In addition to empirical studies concerning the emotional vulnerability of actors there is ample anecdotal evidence to support this claim. In an article published in the Guardian 'When you cry, you really cry': the emotional toll of stage acting, seasoned actors Kate Fleetwood, Michelle Terry and Ben Miles expressed the emotional challenges involved in their profession. Fleetwood explains “If you spend your evenings going to these horrible places, it’s part of your life”. “You’re not just technically producing it. When you cry, you really cry – physically, emotionally, everything. It’s in you. It’s part of your life”. Terry notes that “You’re not meant to feel those feelings all of the time. It’s an emotional shock, having to remind your body of feelings you’ve felt in the past”. “It came with consequences, carried off stage into life. I was living with a low-level grief”. Miles points out that “The process of training or rehearsing is really good at getting you inside the world of a play, inside the mind of a writer or the psyche of a character, but there’s nothing about dropping it”. Comments such as these highlight the emotional stresses in the acting process. (Trueman,2016)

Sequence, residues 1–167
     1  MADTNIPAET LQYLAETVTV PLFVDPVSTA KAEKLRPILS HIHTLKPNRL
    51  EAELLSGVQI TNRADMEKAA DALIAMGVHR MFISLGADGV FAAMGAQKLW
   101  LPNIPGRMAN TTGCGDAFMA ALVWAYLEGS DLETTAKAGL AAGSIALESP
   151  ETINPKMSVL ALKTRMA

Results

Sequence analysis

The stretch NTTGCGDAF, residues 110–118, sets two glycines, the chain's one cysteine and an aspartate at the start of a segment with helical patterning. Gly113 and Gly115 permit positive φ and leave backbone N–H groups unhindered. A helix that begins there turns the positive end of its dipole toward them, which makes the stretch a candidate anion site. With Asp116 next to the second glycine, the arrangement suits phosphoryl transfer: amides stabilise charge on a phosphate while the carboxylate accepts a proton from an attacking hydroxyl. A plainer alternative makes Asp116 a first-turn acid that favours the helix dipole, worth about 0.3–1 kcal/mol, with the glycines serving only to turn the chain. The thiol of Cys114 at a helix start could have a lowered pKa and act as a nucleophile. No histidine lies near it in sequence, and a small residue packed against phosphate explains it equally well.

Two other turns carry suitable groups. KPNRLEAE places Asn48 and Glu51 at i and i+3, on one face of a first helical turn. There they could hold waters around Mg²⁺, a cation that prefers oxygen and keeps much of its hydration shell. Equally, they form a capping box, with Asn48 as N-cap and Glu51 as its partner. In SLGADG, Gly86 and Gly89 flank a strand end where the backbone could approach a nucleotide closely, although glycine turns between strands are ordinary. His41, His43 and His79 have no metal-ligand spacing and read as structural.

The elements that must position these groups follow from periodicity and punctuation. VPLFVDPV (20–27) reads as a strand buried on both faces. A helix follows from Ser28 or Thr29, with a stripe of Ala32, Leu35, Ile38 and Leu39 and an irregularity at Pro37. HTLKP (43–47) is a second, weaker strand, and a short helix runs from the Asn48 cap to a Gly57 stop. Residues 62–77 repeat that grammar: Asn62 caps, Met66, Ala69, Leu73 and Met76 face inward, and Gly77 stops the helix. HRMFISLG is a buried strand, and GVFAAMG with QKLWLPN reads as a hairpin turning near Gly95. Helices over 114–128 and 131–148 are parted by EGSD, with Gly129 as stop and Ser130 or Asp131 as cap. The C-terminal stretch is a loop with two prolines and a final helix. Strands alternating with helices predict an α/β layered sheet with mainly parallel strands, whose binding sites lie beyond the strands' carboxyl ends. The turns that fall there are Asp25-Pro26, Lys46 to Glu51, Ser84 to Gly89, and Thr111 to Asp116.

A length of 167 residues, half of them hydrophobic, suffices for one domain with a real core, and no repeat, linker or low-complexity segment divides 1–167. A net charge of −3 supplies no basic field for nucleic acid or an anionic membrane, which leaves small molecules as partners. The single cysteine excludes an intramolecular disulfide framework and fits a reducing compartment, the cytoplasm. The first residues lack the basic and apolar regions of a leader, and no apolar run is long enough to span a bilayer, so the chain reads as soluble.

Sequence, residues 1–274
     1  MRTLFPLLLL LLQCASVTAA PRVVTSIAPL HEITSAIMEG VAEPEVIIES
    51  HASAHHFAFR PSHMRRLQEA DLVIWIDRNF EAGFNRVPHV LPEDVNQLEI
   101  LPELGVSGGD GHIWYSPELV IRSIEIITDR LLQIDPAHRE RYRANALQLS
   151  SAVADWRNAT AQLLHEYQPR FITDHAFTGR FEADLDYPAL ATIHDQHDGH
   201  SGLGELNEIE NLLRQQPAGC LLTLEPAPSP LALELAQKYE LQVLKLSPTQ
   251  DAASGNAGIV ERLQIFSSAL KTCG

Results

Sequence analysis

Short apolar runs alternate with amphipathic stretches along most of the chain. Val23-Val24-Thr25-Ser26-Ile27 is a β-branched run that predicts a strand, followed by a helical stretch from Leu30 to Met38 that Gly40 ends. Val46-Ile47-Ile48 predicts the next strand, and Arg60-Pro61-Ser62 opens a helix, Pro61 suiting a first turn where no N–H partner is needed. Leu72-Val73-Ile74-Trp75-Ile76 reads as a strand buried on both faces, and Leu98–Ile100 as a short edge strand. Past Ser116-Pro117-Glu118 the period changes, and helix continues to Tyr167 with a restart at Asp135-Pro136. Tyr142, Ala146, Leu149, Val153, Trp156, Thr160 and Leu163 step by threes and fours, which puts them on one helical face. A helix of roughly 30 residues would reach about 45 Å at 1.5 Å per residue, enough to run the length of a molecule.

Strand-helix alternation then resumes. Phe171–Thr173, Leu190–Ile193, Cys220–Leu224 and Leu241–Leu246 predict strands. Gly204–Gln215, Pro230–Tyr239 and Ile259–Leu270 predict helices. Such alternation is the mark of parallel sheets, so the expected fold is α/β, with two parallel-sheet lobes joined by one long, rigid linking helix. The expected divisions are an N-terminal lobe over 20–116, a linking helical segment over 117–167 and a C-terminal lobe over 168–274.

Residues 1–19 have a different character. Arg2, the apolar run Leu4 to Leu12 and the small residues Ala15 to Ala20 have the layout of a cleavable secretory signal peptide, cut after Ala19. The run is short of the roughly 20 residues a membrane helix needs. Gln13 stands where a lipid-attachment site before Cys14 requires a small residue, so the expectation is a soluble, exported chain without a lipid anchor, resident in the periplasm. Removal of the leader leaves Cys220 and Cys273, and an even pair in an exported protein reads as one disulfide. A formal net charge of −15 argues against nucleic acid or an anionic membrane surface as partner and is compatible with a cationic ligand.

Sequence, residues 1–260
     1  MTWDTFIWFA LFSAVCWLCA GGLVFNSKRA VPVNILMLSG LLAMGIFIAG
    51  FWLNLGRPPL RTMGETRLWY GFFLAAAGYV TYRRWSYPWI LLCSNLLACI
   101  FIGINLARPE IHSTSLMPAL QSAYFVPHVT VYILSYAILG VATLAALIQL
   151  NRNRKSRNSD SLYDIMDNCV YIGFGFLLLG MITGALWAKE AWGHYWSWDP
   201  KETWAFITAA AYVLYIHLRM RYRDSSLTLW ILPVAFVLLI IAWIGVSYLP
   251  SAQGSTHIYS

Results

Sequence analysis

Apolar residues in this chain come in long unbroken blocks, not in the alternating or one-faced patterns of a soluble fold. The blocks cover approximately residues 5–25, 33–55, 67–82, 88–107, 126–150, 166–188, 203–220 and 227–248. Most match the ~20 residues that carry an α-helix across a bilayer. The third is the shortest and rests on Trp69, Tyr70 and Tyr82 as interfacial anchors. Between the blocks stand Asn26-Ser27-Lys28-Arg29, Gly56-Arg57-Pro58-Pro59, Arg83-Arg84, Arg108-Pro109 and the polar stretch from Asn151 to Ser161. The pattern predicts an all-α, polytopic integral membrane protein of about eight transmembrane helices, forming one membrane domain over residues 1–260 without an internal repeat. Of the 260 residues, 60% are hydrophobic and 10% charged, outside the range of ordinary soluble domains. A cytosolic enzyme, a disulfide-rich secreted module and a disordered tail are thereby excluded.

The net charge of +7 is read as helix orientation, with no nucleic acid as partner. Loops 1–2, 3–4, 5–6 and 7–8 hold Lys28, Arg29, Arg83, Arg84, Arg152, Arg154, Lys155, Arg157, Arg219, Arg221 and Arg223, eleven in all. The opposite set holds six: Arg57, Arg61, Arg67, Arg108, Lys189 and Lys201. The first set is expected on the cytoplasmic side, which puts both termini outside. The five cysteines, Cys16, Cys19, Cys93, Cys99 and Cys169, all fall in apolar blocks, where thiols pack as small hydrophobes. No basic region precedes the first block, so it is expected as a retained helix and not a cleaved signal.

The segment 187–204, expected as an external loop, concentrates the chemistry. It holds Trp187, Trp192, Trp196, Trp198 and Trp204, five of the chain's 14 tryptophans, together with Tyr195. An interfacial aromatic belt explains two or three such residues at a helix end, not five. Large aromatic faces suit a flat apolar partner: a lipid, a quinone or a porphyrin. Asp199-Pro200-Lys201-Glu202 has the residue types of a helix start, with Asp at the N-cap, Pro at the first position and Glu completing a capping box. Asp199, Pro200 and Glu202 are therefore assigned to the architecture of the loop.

Actor vulnerability is further complicated by the stylistic diversities within the field of contemporary theatre where distinctions between disciplines, style, and methodologies have become blurred or irrelevant. “The heterogeneous diversity of forms unhinges all those methodological certainties that have previously made it possible to assert largescale causal developments in the arts. It is essential to accept the coexistence of divergent theatre forms and concepts in which no paradigm is dominant.” (Lehmann, 2006:20). Devised theatre, collaborative creation, inter-disciplinary creation, testimonial theatre, institutional theatre, film, and television provide a partial list of the forms the professional contemporary actor will encounter, and each production will present the actor with its own unique emotional challenges. Konijn summarizes these challenges regarding the use of emotion into three stylistic categories: involvement, associated with Stanislavsky based methods, in which character emotions must be seen as “real” and should connect with the actor’s own emotions; detachment, associated with Brecht, which rejects the principle of identification and believes character emotions are “shown” or “demonstrated” in a reproducible form; self-expression, associated with Growtowski, where the expression of the actor's own authentic emotion is central to the technique (2000:3.2) .